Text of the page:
Former pro football star Lawrence Taylor, who pleaded guilty in January to sexual misconduct and patronizing a 16-year-old prostitute, was declared a low-risk sex offender on Tuesday, meaning there will be no photo of the former New York Giants linebacker on public online sex-offender registries.
Rockland County Court Judge William Kelly said Taylor was not targeting children and was unlikely to commit the same crime.
“He would be awfully foolish to go out and do this again,” the judge said. As to a posted photo, he said, “I don’t see how that’s going to make the public any safer.”
Taylor has said the girl told him she was 19. The former NFL standout, who lives in Florida, did not attend the hearing.
Kelly designated Taylor a Level 1, or low-risk, sex offender. Rockland County prosecutor Patricia Gunning had argued for a Level 2 label. Using established guidelines, she said Taylor scored 80 points on a scale that says a sex offender has to be below 75 to get a Level 1 designation.
Twenty of the points were based on the girl’s age. But defense attorney Arthur Aidala said Taylor “wasn’t targeting a young child. He was trying to get some female companionship for that night.”
He also said it was irrelevant to count Taylor’s conviction in a tax-return case against him in a sex-crime case. And he argued that because of Taylor’s fame, “Putting his picture on the Internet damages him so much more than the average person.”
Kelly disagreed, saying, “My God, there’s been so much publicity already” that a posted photo wouldn’t matter much.
In the end, the judge took 20 points off Taylor’s score. But he laughed at some of Aidala’s arguments. When Aidala said Taylor was a victim of a scheme to defraud him, the judge said, “I’m trying to keep a straight face.” And when the lawyer talked about how Taylor helped the girl by giving her $300, the judge said, “This was a philanthropic endeavor?”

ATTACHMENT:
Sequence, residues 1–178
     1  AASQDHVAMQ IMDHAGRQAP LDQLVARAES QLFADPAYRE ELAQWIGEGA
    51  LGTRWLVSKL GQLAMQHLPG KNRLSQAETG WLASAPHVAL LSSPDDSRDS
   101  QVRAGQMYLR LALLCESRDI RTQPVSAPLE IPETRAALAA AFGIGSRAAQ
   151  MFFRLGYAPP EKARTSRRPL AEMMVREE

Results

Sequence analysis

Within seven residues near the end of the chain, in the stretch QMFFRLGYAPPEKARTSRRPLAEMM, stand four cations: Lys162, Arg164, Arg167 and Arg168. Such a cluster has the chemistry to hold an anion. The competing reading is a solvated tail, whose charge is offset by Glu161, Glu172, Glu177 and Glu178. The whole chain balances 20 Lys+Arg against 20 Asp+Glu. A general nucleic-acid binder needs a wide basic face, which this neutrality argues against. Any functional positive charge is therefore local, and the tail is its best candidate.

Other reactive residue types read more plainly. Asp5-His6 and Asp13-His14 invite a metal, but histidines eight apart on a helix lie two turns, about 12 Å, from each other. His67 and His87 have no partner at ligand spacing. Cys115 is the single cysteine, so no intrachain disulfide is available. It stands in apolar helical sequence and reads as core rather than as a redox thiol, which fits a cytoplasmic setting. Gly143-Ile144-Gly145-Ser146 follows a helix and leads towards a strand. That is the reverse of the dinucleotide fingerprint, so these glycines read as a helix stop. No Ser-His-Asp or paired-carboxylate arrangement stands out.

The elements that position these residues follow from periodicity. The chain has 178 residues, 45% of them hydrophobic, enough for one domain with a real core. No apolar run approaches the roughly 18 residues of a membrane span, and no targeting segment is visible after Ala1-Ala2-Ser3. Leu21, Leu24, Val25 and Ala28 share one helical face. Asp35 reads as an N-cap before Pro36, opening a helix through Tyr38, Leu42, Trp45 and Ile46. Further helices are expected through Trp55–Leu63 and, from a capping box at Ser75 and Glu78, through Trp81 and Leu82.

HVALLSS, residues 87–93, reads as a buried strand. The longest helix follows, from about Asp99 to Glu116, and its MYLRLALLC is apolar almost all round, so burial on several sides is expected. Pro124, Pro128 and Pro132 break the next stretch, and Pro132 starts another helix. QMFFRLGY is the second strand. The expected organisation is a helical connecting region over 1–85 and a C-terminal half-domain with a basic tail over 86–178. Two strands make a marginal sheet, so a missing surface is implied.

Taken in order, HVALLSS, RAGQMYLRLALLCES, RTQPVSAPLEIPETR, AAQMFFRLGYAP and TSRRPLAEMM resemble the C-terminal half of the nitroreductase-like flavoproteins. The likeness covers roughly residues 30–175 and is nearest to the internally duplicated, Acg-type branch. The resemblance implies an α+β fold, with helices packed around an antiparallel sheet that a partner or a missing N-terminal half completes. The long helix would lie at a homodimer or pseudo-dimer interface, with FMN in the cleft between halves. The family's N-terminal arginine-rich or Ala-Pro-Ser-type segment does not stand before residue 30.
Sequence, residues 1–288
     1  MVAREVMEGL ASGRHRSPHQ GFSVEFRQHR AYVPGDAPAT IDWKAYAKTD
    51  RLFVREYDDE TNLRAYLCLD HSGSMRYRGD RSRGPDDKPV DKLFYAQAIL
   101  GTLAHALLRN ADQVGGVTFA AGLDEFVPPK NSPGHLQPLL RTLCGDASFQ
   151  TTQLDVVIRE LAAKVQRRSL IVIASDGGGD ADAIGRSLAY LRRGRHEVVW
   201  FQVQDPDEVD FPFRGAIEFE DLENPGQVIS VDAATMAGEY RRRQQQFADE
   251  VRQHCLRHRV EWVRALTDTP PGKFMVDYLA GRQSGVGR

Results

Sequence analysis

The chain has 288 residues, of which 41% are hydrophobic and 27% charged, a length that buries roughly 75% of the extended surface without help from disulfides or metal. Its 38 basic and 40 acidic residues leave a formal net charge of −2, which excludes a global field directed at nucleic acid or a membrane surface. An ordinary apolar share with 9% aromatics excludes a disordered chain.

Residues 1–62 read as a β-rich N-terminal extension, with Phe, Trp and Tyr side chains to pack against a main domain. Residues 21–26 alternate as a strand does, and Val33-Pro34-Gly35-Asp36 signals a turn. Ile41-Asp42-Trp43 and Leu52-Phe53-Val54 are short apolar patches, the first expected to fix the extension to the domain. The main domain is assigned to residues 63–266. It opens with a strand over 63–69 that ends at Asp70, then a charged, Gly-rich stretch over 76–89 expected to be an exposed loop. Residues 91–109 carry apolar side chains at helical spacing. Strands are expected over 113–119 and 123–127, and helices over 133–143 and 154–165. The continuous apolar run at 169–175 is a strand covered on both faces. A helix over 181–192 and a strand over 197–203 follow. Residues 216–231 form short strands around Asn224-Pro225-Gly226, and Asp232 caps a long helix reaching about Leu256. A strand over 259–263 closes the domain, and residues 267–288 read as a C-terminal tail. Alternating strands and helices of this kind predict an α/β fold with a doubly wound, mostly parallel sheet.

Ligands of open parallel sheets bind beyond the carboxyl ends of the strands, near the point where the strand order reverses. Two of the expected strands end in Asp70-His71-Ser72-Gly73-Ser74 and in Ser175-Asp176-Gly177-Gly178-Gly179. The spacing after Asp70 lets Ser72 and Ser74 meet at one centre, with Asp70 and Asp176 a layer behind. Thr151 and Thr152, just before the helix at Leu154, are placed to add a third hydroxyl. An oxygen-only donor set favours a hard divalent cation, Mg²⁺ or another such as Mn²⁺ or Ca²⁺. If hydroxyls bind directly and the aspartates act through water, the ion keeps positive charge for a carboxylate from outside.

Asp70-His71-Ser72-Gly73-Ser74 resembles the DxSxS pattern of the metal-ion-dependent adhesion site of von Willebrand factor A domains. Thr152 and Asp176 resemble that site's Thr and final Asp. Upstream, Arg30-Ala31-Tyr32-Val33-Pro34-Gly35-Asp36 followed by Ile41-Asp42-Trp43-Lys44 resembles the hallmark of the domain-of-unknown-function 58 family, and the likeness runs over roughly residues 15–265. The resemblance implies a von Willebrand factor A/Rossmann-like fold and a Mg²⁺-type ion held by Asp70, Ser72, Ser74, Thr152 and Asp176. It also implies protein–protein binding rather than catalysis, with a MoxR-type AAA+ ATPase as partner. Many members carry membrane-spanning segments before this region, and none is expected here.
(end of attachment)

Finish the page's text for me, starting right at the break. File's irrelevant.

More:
Taylor was sentenced last month to six years’ probation.
The teenager made a surprise appearance at the sentencing hearing, eager to declare that he should be behind bars, but she wasn’t allowed to speak in court. Speaking outside, she denied she was a prostitute, and said Taylor should have been able to tell she had been beaten by a pimp and that she was underage when they met in a hotel room in May.
Aidala said Taylor would be relieved to hear, “He’s not going to be plastered all over the Internet.”
“This chapter of Mr. Taylor’s life is closed,” he added.
In New York, Level 1 offenders aren’t posted on a public website, but anyone who calls the state Criminal Justice Services Division can find out if a person is a sex offender. Aidala said the system was similar in Florida, where Taylor will be supervised.
Taylor was inducted into the Pro Football Hall of Fame in 1999. He redefined the linebacker position and was selected to the NFL’s 75th Anniversary All-Time Team.
In 2009, he competed in ABC’s “Dancing With the Stars.”
JIM FITZGERALD,Associated Press